Electric Field Lines

Electric Field Lines

Electric Field Lines are imaginary curves drawn in space surrounding a given charge distribution. Observing these electric field lines, the nature of electric field i.e. its direction and relative strength can be estimated in a very simple manner. The electric field lines are hypothetical curves providing an overall pictorial representation of the electrostatic field.

It was Michael Faraday, in 19th century who first proposed the concept of electric field lines. He always thought of the electric field lines as ones that can be used to describe and interpret the invisible electrostatic field. It is always convenient to use electric field lines to analyze the field around a system of charges instead of using complex vector diagram each time.

Properties of Electric Field Lines

Some general properties and facts regarding electric field lines are mentioned below:

  1. The tangent to an electric field line at any point gives the direction of resultant electric field vector at that point. This is also the path on which a positive test charge will tend to move if free to do so.
  2. The relative density of electric field lines near any two points gives an idea about the magnitudes of electric fields at those points. In other words, a denser field lines represent a higher field strength.
  3. Two electric field lines can never intersect each other as there cannot be two directions of resultant electric field at one point.
  4. Electric field lines always flow from higher potential to lower potential. 
  5. Electric field lines are absent in a zero electric field region.
  6. The electric field lines are continuous and smooth in a charge-free region.
  7. Electric field lines always emerge from a positive charge and terminate on a negative charge. No field line can originate or terminate in the space surrounding a charge. In case of a single positive charge field lines end at infinity.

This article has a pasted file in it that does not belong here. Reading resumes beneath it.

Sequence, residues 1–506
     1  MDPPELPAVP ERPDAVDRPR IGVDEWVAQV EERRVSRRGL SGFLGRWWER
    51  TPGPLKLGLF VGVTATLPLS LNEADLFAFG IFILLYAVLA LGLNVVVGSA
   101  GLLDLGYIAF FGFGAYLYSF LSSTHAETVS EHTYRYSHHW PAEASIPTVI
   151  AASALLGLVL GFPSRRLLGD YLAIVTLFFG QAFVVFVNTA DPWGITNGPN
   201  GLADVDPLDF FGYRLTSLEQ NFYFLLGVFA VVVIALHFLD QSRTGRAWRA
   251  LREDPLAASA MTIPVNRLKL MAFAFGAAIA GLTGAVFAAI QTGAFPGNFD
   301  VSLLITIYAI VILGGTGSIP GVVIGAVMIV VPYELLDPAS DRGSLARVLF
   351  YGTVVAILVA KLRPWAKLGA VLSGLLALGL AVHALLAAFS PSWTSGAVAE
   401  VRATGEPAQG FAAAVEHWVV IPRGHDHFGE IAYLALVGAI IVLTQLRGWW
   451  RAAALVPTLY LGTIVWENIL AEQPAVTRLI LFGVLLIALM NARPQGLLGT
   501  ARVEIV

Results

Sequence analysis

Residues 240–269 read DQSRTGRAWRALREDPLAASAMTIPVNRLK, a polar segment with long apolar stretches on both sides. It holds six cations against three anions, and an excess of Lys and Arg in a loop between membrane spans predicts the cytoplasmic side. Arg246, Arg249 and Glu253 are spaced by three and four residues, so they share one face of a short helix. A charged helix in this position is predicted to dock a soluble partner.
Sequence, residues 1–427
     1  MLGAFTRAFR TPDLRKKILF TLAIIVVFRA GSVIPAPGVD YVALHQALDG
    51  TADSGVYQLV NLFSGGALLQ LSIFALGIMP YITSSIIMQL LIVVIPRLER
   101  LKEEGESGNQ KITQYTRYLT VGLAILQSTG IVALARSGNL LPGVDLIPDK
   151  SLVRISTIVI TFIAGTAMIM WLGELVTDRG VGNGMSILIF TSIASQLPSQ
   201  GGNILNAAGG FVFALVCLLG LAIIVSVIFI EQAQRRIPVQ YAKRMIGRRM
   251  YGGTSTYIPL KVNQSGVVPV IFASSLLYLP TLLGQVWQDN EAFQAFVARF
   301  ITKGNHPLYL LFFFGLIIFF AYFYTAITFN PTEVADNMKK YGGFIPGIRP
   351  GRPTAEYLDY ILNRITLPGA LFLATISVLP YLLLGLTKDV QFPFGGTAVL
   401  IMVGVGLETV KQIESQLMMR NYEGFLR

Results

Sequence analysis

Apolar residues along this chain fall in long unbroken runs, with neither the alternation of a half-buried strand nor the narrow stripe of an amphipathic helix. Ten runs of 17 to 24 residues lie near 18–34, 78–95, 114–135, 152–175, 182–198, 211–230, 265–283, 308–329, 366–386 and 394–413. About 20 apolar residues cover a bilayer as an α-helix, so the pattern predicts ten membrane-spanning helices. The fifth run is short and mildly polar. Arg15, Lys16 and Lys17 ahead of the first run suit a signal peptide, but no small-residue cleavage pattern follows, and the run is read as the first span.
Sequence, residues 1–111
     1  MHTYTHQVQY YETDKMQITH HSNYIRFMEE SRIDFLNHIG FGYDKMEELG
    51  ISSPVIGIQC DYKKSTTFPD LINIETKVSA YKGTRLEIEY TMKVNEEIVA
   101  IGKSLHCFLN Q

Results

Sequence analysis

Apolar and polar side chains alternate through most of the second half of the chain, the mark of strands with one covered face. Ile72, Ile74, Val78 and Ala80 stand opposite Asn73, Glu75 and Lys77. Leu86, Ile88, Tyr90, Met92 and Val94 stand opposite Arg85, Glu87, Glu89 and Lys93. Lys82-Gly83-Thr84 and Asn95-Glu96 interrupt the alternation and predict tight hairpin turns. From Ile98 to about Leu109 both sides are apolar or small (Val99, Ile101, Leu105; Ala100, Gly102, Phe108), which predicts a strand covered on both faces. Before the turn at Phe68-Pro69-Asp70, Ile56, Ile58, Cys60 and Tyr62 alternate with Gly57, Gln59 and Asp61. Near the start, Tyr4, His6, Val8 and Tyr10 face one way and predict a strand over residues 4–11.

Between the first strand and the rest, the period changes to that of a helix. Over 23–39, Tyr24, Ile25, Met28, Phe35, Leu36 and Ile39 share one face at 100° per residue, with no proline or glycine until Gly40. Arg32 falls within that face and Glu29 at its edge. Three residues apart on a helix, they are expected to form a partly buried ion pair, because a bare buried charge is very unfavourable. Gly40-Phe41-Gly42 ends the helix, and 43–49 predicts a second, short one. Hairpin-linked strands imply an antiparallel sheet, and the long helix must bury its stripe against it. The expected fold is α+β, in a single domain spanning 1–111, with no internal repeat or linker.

8. The number of electric field lines originating from a positive charge or ending at a negative charge is directly proportional to the magnitude of the charge.
  9. One is free to draw any number of electric field lines around a charge but the ratio of magnitude of charge to the number of field lines is to be kept fixed. For example, if 100 electric field lines are emerging from +1C charge, then 100 will terminate on -1C charge. Similarly if one chooses to draw 40 field lines beginning from +4μC charge he will have to consider 20 field lines terminating on -2μC charge or 10 field lines terminating on -1C charge and so on.
  10. An electric field line can never form a closed loop as it cannot start and end on same charge. This is also because the electric field is conservative in nature.
  11. The number of electric field lines passing through a surface is the measure of the of the electric flux linked with the surface. If same number of field lines cross through two different surfaces, flux through both the surfaces would be equal.
  12. If there is an equipotential surface, the electric field vector and hence lines of electric field will be perpendicular to the surface.
  13. In a uniform electric field region, the electric field lines are parallel and equi-spaced straight lines.

Nature of Electric Field Lines for uniform and non-uniform Fields

The electric field in a space around a charge distribution can be of two types. These are the uniform electric field and the non-uniform field.

Uniform Electric Field

When in a particular region of space, the magnitude and direction of the electric field intensity vector is same at each and every point, then the electric field in that region is said to be of uniform nature. In such region, the electric field vector does not vary with position.
As stated earlier, the electric field lines for uniform electric field are parallel and equidistant straight lines. The parallel lines indicate the unique direction of the field while their equi-spacing ensures the uniform magnitude of the field strength.
Electric Field Lines

Such a uniform electric field can exist in the space between the plates of a parallel plate capacitor or near a large thin sheet of uniform areal charge density.
Electric Field Lines

 Non-uniform Electric Field

When the electric field is irregular at every point, it is called non-uniform electric field. In most of the cases, the electric fields are generally non-uniform in nature. Some examples of non-uniform field are : field due to a point charge, field produced by an electric dipole, field due to a charged ring etc. The field lines may be in the form of straight lines or irregular (but Continuous) curves representing the varying nature of field strength. The non-uniform electric field produced by a typical system of four point charges is shown below.
Electric Field Lines